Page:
Edwards Vetoes Sweeping Changes to How Courts Handle Auto Injury Claims

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State Sen. Kirk Talbot, R-River Ridge, talks with Sen. Jay Morris, R-Monroes, as the Senate convenes in the Senate chamber in Baton Rouge, La., Monday, May 4, 2020. (Gerald Herbert / AP)

BATON ROUGE – Louisiana Gov. John Bel Edwards has vetoed legislation that would have drastically changed how the state’s legal system deals with automobile injury claims.

Senate Bill 418 by state Sen. Kirk Talbot, R-River Ridge, was one of the regular session’s top priorities for Republicans and business lobbyists, who argued that it could lead to lower auto insurance rates. However, even many supporters found the final version unacceptable and were hoping to strip out some of its provisions during this month’s special session.

Other bills with similar goals are in play during the special session, and Edwards said he remains “willing to work with anyone operating in good faith to reach a compromise.”

“It is important to note that not a single insurance company testified in committee that Senate Bill 418 would actually reduce rates,” the Democratic governor said in a letter explaining his veto. “Further, the rate reduction in the bill is permissive, rather than mandatory, and actually allows for rate increases if the insurers are able to demonstrate one would be needed.”

Lana Venable with Louisiana Lawsuit Abuse Watch expressed disappointment in the veto, calling Senate Bill 418 “the most comprehensive package of legal reforms passed in the legislature since the 1990s.”

“Louisiana’s business climate is ranked second-worst in the country and is consistently ranked near the top of the national ‘Judicial Hellholes’ list,” she said. “As we continue the important work of rebuilding our already struggling economy, these reforms – benefitting both families and businesses – are more critical than ever.”

Louisiana Association of Business and Industry President Stephen Waguespack said insurance reform is needed.

“The Governor’s veto of Sen. Talbot’s SB 418, the bill to reduce frivolous lawsuits and insurance rates was not unexpected, but make no mistake, leaving this special session without legislation signed into law to address the insurance crisis is not a feasible option,” Waguespack said. “Everyone knows the insurance affordability and availability problem is very real.”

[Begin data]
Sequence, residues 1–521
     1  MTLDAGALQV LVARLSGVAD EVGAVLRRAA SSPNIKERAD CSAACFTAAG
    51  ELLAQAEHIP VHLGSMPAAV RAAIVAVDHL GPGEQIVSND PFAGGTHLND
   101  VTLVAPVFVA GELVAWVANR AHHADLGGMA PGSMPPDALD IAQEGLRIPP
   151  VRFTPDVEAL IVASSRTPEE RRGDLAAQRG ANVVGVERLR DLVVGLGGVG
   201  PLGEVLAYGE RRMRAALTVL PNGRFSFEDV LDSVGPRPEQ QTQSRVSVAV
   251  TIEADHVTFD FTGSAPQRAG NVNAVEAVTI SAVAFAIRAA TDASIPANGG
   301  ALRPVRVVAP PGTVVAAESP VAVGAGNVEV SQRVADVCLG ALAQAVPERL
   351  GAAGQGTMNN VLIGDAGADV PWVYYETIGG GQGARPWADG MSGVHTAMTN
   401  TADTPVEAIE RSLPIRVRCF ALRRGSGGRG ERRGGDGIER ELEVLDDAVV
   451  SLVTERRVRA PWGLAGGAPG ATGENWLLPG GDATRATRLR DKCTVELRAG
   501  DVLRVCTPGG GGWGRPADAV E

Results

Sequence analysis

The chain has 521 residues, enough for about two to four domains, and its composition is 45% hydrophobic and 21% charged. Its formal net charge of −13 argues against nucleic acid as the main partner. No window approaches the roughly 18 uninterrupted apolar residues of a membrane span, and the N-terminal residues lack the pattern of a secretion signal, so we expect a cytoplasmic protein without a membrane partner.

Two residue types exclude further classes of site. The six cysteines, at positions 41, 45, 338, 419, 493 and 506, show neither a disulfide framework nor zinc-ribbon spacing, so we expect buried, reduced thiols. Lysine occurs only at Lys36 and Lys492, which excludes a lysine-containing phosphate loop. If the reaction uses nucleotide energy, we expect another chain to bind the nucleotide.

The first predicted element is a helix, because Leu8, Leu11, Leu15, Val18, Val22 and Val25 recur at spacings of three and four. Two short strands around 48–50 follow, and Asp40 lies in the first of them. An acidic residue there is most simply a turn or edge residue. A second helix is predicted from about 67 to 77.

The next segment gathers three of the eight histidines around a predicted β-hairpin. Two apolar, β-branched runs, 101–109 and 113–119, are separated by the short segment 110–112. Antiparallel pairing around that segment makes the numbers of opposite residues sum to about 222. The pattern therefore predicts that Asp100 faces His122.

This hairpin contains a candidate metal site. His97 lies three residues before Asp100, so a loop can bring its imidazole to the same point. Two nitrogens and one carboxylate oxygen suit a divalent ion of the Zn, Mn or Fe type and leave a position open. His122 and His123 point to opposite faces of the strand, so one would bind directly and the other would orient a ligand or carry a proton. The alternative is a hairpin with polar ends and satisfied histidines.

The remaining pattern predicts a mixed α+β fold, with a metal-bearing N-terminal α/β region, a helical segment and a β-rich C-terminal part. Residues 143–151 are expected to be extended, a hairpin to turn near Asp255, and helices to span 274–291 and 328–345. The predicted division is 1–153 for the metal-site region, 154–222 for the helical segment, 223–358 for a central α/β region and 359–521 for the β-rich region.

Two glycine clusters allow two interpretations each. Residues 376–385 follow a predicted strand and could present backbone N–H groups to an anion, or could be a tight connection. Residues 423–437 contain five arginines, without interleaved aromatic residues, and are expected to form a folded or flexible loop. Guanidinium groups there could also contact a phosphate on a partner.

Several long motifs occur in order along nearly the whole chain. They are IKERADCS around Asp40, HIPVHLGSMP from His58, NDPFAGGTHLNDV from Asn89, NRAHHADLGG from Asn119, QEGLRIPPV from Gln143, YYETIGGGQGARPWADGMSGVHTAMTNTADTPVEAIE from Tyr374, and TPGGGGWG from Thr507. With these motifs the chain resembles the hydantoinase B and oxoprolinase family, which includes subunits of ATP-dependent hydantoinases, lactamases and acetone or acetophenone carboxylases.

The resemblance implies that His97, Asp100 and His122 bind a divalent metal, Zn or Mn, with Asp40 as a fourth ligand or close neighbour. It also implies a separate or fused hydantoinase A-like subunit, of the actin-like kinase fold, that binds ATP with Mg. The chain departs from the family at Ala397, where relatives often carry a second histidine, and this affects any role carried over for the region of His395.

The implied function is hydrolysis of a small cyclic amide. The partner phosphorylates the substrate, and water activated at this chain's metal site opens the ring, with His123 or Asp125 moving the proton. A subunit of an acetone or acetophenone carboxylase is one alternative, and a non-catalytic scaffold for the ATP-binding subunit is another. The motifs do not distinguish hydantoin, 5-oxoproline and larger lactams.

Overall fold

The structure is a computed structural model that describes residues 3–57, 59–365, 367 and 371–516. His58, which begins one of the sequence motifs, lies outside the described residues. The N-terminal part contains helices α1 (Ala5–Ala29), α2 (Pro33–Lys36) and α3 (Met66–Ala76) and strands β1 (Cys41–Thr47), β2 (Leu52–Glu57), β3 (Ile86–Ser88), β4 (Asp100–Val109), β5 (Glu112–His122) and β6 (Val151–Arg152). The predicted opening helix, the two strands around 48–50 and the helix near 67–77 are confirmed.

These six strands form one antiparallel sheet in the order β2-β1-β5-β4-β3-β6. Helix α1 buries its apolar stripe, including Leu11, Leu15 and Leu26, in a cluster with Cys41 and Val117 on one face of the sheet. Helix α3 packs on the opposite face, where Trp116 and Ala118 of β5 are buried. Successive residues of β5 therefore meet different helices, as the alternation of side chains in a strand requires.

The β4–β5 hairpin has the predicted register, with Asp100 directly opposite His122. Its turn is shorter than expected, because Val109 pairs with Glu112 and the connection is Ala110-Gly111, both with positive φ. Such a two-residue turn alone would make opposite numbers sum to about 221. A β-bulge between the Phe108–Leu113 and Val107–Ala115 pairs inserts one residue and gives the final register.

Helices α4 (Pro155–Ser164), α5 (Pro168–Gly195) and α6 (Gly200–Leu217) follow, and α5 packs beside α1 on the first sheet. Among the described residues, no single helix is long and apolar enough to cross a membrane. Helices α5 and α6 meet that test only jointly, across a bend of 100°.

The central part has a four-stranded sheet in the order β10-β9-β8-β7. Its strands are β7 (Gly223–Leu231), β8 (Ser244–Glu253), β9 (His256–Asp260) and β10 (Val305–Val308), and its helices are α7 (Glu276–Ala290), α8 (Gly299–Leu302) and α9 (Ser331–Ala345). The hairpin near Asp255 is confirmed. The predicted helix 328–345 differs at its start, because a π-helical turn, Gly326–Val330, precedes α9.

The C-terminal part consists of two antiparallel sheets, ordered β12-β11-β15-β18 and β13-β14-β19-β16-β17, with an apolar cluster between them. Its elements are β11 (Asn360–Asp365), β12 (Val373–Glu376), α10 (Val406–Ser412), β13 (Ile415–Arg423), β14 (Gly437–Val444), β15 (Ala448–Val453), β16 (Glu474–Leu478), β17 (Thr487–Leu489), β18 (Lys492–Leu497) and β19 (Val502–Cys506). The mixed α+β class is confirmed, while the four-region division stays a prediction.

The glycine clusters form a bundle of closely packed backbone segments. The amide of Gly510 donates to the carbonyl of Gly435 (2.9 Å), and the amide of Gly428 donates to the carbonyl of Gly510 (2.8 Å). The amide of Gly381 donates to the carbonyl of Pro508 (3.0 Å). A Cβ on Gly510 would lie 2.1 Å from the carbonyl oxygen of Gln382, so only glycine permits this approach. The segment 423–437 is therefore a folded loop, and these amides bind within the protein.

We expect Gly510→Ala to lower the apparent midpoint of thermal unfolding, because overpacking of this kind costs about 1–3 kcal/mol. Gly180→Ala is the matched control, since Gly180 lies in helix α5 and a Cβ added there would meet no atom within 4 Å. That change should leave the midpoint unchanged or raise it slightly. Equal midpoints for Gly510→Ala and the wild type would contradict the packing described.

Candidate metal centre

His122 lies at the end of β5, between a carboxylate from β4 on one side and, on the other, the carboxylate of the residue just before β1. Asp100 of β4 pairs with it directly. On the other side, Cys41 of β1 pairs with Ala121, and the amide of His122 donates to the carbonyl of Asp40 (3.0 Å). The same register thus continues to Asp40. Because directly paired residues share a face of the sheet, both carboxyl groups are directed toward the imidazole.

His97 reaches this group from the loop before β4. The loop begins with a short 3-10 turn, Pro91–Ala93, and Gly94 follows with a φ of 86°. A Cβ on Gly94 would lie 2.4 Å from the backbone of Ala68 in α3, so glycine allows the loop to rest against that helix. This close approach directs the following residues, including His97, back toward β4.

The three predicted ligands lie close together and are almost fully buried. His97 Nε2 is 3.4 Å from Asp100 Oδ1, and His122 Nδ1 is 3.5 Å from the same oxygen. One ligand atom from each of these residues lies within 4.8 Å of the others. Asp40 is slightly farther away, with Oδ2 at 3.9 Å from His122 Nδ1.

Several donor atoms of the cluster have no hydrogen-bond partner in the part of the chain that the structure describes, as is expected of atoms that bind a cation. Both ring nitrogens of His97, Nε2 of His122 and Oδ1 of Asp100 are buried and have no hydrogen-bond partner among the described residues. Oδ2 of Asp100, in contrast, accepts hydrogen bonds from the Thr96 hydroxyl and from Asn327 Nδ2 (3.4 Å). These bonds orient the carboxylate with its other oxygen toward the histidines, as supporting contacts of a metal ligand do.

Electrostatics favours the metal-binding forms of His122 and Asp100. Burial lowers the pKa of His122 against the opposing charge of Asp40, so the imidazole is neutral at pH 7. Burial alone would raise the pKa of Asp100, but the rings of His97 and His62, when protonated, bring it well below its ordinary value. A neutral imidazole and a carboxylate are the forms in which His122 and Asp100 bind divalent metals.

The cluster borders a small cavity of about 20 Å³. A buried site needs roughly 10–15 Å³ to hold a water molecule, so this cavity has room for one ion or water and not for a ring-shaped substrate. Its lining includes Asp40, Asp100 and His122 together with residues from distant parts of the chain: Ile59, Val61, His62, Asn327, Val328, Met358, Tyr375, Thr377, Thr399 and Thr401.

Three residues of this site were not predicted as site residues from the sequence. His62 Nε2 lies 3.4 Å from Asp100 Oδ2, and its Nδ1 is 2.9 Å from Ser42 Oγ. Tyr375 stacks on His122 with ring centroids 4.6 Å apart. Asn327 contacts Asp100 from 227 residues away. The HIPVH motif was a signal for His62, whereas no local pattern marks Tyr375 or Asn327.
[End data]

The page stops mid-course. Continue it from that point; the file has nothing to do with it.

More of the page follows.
Other bills passed during this year’s regular session that Edwards has vetoed include:

House Bill 197: Would have added water control structures to a list of “critical infrastructure” for which unauthorized entry could lead to five years of prison time and/or a $1,000 fine, or up to 15 years and a $5,000 fine when the crime is committed during a state of emergency.

Edwards said “water control structure” is poorly defined in the bill, adding that since Louisiana is “in a constant state of emergency,” the harsher penalty would have become the default.

Edwards said he would be willing to work with Rep. Jerome Zeringue, the bill’s sponsor, for a “reasonable solution” that does not produce “unintended consequences.”

Senate Bill 406: Was meant to promote access to broadband internet service in rural areas. Edwards said the legislation could put the state in violation of the Federal Telecommunications Act of 1996. He has endorsed a bill pending in the special session that seeks to achieve the same goal without running afoul of federal law.

Senate Bill 132: Would have required the Joint Legislative Committee on the Budget to approve any contract or cooperative endeavor agreement worth $25 million or more. Edwards said the legislation violates the state constitution by requiring legislative approval for a purely executive function.

Senate Bill 395: Sought to require attorneys who advertise clients’ settlements to state the amount the client actually pocketed, minus attorneys’ fees and other costs, rather than the amount of the full settlement. Edwards instead signed Senate Bill 115, which has basically the same goal but leaves enforcement to the Louisiana Supreme Court rather than the attorney general, which Edwards argues is the constitutionally proper approach. 

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